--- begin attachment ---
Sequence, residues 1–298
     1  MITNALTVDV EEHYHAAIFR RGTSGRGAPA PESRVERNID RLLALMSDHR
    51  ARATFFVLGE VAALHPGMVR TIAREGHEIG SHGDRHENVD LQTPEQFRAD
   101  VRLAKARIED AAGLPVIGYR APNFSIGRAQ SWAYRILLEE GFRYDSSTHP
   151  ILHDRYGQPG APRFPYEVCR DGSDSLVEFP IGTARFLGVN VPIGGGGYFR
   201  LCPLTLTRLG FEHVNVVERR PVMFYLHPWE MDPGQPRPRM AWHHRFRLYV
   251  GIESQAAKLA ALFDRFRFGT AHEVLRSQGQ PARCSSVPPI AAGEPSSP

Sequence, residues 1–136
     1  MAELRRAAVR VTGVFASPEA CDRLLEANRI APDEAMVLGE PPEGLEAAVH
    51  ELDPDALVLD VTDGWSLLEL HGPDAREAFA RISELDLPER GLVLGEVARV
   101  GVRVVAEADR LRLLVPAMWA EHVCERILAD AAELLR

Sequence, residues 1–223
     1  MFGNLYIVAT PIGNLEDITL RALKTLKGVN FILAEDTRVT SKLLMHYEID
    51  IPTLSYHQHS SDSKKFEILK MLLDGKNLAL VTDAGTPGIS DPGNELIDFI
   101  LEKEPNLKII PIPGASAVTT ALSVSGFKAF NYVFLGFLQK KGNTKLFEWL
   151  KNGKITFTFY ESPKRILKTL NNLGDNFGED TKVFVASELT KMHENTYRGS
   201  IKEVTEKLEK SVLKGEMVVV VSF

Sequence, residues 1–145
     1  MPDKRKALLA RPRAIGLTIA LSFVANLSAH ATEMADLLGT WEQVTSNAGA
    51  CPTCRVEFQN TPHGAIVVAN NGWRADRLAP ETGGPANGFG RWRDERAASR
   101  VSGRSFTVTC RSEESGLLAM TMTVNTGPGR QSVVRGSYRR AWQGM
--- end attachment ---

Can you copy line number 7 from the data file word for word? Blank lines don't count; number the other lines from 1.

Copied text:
   251  GIESQAAKLA ALFDRFRFGT AHEVLRSQGQ PARCSSVPPI AAGEPSSP